Of the daylilies you mentioned, JT DAVIS is the most rust resistant in my garden. But I would only give it an average rating.

    While I understand your reluctance with regards to labeling a daylily as rusty, I am glad you shared it publicly. I used to share your reluctance, but no longer. For the most part, I don’t think daylily growers care whether a plant is rusty or not. It is only a problem for those of us in the deep south. As Nate pointed out, it isn’t a big concern for the rest of the country. As long as consumers will buy them...the hybridizers will keep producing them. Having said that, I would not buy WHITE WOLF after reading about your experience. I have learned the hard way that if a daylily is rusty in your garden, it is probably going to be rusty in my garden too. Your information is important to me...but it would not deter most of the people on this forum. Rust isn’t a huge problem for them. They judge daylilies by other criteria...they want to know if it’s cold hardy...or if it opens well in the early morning...or if it fades in all day sun...etc. None of these traits “ruin” a daylily or hybridizers reputation. In my opinion, it is just information that some buyers find useful.

    I have had good luck with cutting scapes with green pods, bringing the scapes indoors and placing them in a vase with water and allowing them to mature. The pods were about 3-4 weeks from maturity and produced viable seeds. I do not know how mature the pods need to be for this to work, but it is an option if you decide to cut a daylily to the ground so that you can treat it for rust. But...all the crosses I have made that had a rusty parent have produced rusty seedlings. Please keep in mind that my backyard operation is very small...only about 300 seedlings per year. I started hybridizing in 2006. I’m not trying to discourage you. On the contrary, I wish you great success! I’d love for you to produce a rust resistant near white and would probably buy it when I could afford it.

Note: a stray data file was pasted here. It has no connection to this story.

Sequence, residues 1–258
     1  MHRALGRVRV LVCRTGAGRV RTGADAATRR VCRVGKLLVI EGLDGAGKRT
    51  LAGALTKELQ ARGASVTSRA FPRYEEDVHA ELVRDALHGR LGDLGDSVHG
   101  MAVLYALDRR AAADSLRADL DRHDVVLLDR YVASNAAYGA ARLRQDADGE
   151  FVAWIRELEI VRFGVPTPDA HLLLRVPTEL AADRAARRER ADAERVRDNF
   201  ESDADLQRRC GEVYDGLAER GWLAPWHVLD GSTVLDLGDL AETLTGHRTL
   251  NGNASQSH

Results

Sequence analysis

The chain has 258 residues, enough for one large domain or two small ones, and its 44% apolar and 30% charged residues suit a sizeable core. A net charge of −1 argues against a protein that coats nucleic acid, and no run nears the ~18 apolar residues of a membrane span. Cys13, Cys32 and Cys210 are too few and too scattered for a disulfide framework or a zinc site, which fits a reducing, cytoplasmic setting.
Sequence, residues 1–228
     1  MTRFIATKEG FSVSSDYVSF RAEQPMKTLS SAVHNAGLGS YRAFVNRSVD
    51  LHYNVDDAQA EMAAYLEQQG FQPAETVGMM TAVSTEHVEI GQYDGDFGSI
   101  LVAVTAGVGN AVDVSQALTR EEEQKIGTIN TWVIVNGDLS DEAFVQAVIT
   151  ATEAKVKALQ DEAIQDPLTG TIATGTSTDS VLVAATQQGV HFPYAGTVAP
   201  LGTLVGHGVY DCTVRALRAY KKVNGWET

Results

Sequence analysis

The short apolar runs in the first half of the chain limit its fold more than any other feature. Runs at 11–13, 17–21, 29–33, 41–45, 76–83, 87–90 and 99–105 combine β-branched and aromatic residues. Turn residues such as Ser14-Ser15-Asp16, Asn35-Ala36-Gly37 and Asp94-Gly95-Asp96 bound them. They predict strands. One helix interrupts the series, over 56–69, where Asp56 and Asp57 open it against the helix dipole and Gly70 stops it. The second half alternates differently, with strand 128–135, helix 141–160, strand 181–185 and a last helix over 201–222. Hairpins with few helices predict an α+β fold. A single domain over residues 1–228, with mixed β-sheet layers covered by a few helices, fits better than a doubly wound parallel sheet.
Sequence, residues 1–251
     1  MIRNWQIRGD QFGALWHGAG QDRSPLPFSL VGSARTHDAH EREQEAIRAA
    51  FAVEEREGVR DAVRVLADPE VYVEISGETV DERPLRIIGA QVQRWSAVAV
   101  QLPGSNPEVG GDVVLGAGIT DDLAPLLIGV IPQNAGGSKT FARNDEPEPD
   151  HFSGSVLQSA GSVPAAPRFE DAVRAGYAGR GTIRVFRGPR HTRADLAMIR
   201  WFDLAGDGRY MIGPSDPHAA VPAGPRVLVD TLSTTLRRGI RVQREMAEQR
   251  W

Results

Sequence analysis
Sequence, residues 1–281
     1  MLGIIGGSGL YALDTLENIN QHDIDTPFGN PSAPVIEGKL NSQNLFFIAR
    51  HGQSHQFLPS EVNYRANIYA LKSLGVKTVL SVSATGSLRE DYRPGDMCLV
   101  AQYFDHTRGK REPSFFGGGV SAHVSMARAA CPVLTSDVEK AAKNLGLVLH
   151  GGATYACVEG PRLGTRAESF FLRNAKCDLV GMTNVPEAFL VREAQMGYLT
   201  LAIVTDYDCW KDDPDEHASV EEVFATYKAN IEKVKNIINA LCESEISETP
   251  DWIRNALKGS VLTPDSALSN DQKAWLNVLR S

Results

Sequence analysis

Best of luck,
    Kathy

  • 11 years ago
    last modified: 9 years ago

    Thanks for your comments, Kathy! I also appreciate the information on KNIGHTS IN WHITE SATIN. (I did a Google search on that daylily name and rust, but it didn't pop up anything; usually most daylilies that are on the daylilyrust.org survey list will pop up near the top of such a Google search, but for whatever reason it didn't, and I didn't think to search the list anyway. Duh!)